Mammary Apoptosis

Quarrie, Lynda H (1996) Mammary Apoptosis. PhD thesis, University of Glasgow.

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This thesis examines the importance of mammary apoptosis during lactation and involution and investigates some of the factors which influence apoptotic rates in the mammary gland. The extent of apoptosis in mammary tissue was assessed using (32P)dCTP nick-end labelled DNA to visualise DNA laddering. Changes in DNA laddering were compared with histological techniques to determine general tissue morphology, chromatin changes and presence of apoptotic bodies and localisation of dying cells (ISEL). Where possible these measurements were combined with gene expression studies to determine changes in expression of proteases, inhibitors of proteases, p53 and bax. As shown previously, apoptosis is important for cell removal in rodents during natural weaning and after litter removal at peak lactation. In both situations apoptosis followed a similar time course, however, after litter removal in declining lactation the increase in apoptosis was more rapid. Apoptosis also appeared to be essential between lactation cycles even when the interval between lactation cycles was reduced to a minimum by mating at post partum oestrus. DNA laddering was detected at peak lactation of mice, rats and goats, suggesting that cell turnover is a physiological process in lactating tissue. This study also investigated the regulation of mammary apoptosis. The effects of hormonal status of lactating rats and milk stasis in mice and goats were investigated. Prolactin, acting as a cell survival factor, was shown to influence apoptosis. Growth hormone action was more subtle, and was achieved through a different mechanism to that of prolactin. A local mechanism for regulating mammary apoptosis was demonstrated in mice where unilateral milk stasis induced apoptosis at levels similar to litter removal. Apoptosis was also induced in goats by a local control mechanism since unilateral cessation of milking increased apoptosis to a greater degree in unmilked glands compared to milked glands. Finally, possible mechanisms of local and systemic control were studied during lumen formation when mammary cells were cultured on extracellular matrix, in vitro. After several days on extracellular matrix solid clumps of epithelial cells form hollow spherical structures. Cells on the periphery of the cell clump survive, and only these have access to laminin, (a component of the extracellular matrix). Cells in the centre of the clumps die by apoptosis, and this produces luminal spaces within the structures. An IGFBP is also elevated at the time of apoptotic cell removal, and may be involved in blocking IGF-1 activity in cells that are to die. In conclusion, this study demonstrates the widespread importance of apoptosis in the mammary gland, the local and systemic regulation of the process and some clues as to the mechanism of apoptosis in mammary cells.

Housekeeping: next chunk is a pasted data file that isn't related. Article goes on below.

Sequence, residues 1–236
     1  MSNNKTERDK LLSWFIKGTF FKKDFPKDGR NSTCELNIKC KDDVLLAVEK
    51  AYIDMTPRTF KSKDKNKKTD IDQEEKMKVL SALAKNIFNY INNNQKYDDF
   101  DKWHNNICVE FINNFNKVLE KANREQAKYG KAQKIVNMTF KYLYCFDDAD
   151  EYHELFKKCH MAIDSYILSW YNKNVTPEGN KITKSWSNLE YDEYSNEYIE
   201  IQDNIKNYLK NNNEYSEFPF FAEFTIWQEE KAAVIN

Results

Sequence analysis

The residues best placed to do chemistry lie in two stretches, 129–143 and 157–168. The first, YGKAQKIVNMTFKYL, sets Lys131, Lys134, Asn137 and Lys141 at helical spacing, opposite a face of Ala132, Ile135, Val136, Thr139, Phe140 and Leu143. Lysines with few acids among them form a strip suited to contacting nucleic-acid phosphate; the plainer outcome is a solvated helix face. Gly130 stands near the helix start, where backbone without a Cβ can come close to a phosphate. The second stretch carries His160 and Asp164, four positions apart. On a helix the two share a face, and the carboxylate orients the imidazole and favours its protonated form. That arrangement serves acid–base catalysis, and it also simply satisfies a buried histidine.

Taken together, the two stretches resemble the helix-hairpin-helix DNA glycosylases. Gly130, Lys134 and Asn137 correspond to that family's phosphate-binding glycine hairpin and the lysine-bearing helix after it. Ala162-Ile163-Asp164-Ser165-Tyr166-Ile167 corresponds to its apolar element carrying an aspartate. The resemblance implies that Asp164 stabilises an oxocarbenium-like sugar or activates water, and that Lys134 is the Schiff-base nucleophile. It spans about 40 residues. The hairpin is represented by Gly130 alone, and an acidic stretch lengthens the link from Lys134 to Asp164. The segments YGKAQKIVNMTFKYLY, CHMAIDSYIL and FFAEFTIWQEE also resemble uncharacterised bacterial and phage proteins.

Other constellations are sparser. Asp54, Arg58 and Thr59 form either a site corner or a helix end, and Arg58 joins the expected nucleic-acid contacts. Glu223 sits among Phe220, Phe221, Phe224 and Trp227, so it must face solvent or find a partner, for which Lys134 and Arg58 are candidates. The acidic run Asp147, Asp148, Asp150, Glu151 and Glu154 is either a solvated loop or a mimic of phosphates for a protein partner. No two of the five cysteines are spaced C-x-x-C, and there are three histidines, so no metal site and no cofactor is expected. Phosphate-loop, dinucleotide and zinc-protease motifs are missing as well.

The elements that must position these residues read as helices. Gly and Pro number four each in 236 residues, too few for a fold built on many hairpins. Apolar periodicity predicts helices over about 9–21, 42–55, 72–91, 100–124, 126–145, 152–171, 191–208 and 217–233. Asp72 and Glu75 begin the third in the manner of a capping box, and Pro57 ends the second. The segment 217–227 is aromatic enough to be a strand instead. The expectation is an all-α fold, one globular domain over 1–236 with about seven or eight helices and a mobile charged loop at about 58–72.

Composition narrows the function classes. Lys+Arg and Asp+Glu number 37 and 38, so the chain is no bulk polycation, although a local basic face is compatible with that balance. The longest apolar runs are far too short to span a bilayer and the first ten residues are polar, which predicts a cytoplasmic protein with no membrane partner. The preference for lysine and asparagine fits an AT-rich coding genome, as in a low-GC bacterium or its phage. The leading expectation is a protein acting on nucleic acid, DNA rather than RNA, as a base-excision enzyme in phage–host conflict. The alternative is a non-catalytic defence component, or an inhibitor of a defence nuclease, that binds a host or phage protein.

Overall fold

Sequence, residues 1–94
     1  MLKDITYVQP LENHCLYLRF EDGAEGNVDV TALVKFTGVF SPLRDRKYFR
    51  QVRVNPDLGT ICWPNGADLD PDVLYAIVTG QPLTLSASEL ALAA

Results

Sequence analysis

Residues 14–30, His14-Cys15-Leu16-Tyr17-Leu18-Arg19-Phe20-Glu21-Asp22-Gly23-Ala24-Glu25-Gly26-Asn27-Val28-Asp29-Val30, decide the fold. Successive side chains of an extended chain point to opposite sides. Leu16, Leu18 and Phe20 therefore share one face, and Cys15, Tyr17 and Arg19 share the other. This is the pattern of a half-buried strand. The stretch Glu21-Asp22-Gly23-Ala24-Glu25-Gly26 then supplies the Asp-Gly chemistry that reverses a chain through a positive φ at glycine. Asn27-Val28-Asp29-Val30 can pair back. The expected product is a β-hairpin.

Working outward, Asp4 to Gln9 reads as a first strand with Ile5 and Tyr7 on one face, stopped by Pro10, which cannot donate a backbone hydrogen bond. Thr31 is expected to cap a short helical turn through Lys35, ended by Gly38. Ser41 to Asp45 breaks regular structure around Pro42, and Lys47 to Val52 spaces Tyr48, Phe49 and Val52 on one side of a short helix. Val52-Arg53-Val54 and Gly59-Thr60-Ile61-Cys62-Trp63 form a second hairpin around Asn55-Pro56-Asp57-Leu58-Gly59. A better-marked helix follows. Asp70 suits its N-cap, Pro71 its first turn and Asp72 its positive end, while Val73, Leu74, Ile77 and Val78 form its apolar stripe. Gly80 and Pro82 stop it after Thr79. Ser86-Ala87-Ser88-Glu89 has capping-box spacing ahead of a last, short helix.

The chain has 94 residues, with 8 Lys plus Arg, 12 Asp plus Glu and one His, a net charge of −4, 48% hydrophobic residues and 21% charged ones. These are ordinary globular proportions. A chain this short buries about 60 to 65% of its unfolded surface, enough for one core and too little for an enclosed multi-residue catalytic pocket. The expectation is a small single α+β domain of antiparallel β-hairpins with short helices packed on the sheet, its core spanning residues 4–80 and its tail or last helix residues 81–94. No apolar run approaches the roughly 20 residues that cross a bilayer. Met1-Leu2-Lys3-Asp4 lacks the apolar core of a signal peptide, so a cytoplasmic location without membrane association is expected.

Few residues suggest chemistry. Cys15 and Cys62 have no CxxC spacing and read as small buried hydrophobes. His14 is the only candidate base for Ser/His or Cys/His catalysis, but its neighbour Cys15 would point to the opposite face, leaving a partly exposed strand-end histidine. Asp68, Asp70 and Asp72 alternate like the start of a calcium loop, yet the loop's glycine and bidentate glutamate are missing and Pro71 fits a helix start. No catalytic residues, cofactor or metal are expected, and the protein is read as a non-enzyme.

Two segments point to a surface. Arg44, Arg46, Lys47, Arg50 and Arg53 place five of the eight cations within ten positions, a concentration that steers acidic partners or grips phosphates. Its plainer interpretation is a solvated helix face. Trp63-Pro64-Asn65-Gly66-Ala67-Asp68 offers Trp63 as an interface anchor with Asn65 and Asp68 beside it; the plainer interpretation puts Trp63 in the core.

Item Type: Thesis (PhD)
Qualification Level: Doctoral
Additional Information: Adviser: Colin Wilde
Keywords: Cellular biology
Date of Award: 1996
Depositing User: Enlighten Team
Unique ID: glathesis:1996-75592
Copyright: Copyright of this thesis is held by the author.
Date Deposited: 19 Nov 2019 19:21
Last Modified: 19 Nov 2019 19:21

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